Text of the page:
Olaf H. Thormodsgard is best remembered as the long-time dean of the University of North Dakota Law School. He was born in Carrington, North Dakota, on September 25, 1891. He attended elementary school in Mount Vernon, South Dakota, and received his high school diploma from Spokane Academy, Spokane, Washington. He earned his Bachelor of Arts degree from Spokane College in 1913. He subsequently earned a Master of Arts from St. Olaf College in Northfield, Minnesota, in 1916, and taught high school in Fergus Falls, Minnesota. Prior to attending law school he enlisted in U.S. Army and served with the 91st Division in France from 1918 to 1919, earning the medaille d'honneur des epidemies from the Republic of France in the process. He received his Juris Doctor from the University of Chicago in 1923. Following the completion of his J.D., he was awarded a teacher's fellowship by the Carnegie Endowment for International Peace to conduct advanced graduate work in international and constitutional law at Harvard Law School, finishing his course of study in 1925. His thirty-six year career at the University of North Dakota began in 1926 when he joined the faculty as an associate professor of law. On June 9, 1928, he married Marie Bentegeat, a native of Bordeaux, France, who came to North Dakota as an international exchange student, and subsequently stayed on as a language instructor at the University. In 1929, Thormodsgard became a full professor, and in March 1933, he became dean of the law school - a post he would continue to hold until his retirement in 1962.
Over the course of his long and varied career, Dean Thormodsgard served on numerous bodies including the National Conference of Commissioners on Uniform State Laws, the North Dakota Judicial Council, and the State Bar Association Executive Committee. During the Second World War, he was a member of both the National War Labor Board and the Office of Price Administration. Other organizations with which he was affiliated include the Grand Forks County Bar Association, the American Bar Association, and the American Law Institute, American Legion Post 6 (Grand Forks, North Dakota), the Order of the Coif law honor society, Phi Delta Phi legal fraternity, and the Tau Kappa Epsilon men's social fraternity. A 33rd degree mason, Thormodsgard also served as Illustrious Potentate of the Kem Temple of the Shrine (Grand Forks, North Dakota). In addition, he was a founding member of the Fellows of the University of North Dakota, Inc., and a one-time president of the United Lutheran Church Council.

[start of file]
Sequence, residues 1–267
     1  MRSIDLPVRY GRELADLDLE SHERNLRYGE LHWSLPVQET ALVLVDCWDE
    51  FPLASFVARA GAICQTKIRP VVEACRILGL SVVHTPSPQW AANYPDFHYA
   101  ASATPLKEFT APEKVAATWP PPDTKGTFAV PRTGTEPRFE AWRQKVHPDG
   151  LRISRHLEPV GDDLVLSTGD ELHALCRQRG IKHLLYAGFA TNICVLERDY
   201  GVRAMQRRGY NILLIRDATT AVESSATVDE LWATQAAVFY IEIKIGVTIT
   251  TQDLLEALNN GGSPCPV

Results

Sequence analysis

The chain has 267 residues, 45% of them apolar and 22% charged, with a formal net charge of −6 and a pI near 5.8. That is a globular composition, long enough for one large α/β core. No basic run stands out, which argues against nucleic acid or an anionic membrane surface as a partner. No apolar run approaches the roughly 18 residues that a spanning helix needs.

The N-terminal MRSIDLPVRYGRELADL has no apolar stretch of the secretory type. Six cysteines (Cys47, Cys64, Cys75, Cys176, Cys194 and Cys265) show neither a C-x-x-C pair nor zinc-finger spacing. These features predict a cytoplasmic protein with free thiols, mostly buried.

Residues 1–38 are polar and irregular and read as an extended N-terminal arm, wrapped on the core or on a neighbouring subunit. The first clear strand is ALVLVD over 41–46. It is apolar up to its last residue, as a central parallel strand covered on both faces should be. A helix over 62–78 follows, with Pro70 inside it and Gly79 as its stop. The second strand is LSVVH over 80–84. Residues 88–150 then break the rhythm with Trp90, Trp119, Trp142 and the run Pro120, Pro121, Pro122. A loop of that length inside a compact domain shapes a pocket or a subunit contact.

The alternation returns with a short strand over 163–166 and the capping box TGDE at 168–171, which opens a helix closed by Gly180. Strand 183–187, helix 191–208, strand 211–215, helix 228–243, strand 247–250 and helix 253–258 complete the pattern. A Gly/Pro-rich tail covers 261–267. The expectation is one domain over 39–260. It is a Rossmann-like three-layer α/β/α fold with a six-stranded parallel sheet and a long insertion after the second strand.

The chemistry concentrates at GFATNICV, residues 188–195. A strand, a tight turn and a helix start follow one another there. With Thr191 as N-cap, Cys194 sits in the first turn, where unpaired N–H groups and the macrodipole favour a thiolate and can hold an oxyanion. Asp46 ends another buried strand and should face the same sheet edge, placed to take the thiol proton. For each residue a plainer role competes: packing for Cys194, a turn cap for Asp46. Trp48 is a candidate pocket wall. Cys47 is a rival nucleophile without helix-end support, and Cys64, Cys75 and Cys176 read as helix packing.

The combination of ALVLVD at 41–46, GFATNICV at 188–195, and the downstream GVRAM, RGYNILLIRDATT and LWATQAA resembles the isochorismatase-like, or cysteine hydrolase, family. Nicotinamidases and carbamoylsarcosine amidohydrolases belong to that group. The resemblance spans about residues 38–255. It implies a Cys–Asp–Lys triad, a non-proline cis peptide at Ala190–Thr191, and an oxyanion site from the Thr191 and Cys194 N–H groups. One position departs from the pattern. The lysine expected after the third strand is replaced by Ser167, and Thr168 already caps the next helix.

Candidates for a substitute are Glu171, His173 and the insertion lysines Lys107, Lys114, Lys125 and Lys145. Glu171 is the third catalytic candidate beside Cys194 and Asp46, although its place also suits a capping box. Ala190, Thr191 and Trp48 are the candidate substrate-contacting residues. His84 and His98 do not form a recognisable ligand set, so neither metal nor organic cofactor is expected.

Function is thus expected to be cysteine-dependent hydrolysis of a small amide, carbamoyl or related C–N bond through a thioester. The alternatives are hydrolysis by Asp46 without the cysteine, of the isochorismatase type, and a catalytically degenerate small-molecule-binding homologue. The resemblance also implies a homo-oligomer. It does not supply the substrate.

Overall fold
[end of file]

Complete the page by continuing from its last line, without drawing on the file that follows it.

In 1962, Dean Thormodsgard retired from the University and joined his wife in her native France. He remained there for the remainder of his life, dying in July 1975 at age eighty-three in Bordeaux. In recognition of his work on behalf of the University of North Dakota Law School, the University named the Thormodsgard Law Library (est. 1972) in his honor.
The O. H. Thormodsgard Papers consist primarily of essays, articles, and lectures by Dean Thormodsgard. However, it also includes a large quantity of personal and professional correspondence, academic theses, and various diplomas and certificates, as well as reports by committees on which Thormodsgard sat. Unfortunately, Thormodsgard often did not sign and/or date the documents he kept, so many documents have been preserved as part of this collection on the assumption that they were written by him, but without conclusive proof thereof.
In addition to documents, this collection also contains a World War I-era blue star banner. A blue star banner consists of a white field edged in red with one or more blue five-pointed stars centered on the white field. In the United States, it is traditionally displayed by families, communities, and organizations with members currently serving in the armed forces, and the number of stars corresponds to the number of members serving. This particular banner has the number "103" superimposed on the star, suggesting that 103 men from that organization or community were serving at the time the banner was made. It is unknown which community or organization this banner represented, but the fact that Thormodsgard was teaching high school in Fergus Falls, Minnesota, at the time the First World War broke out suggests that the banner may have originated in that community. Alternatively, the banner may have also represented individuals affiliated with the University of North Dakota or the UND Law School who were serving in uniform, and later found its way into Thormodsgard's possession when he became dean of the law school.